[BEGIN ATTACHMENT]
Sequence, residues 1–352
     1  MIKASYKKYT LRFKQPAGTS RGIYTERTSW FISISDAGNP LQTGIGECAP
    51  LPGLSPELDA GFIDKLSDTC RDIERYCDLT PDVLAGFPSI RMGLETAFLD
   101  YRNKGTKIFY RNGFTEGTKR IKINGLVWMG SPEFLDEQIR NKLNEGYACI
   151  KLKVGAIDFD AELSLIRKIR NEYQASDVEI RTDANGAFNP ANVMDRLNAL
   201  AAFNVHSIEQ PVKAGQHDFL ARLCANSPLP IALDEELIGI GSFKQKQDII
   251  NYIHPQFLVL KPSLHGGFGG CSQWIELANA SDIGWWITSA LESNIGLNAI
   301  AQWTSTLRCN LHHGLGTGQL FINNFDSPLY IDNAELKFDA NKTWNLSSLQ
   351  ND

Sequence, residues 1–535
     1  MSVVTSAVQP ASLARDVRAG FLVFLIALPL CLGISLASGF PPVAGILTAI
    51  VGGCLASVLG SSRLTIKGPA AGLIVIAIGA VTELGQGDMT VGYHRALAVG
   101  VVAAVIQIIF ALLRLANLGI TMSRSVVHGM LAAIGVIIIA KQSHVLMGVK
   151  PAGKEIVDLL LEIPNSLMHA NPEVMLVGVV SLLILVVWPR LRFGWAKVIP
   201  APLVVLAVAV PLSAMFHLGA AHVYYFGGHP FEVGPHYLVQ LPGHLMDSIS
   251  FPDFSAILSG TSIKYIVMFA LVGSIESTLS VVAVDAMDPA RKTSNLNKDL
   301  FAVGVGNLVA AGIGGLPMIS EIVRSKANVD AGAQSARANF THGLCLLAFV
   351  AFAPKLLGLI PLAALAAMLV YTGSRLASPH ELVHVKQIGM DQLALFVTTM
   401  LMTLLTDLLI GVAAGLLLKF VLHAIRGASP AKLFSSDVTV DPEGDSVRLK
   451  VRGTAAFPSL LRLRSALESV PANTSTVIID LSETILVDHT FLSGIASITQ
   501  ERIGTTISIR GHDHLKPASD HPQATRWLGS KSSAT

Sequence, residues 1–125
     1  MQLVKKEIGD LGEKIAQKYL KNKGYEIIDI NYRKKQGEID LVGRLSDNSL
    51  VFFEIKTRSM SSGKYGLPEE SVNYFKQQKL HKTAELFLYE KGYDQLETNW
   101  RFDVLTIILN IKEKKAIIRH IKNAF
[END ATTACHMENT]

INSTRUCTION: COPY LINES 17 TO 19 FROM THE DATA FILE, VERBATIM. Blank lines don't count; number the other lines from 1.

   301  FAVGVGNLVA AGIGGLPMIS EIVRSKANVD AGAQSARANF THGLCLLAFV
   351  AFAPKLLGLI PLAALAAMLV YTGSRLASPH ELVHVKQIGM DQLALFVTTM
   401  LMTLLTDLLI GVAAGLLLKF VLHAIRGASP AKLFSSDVTV DPEGDSVRLK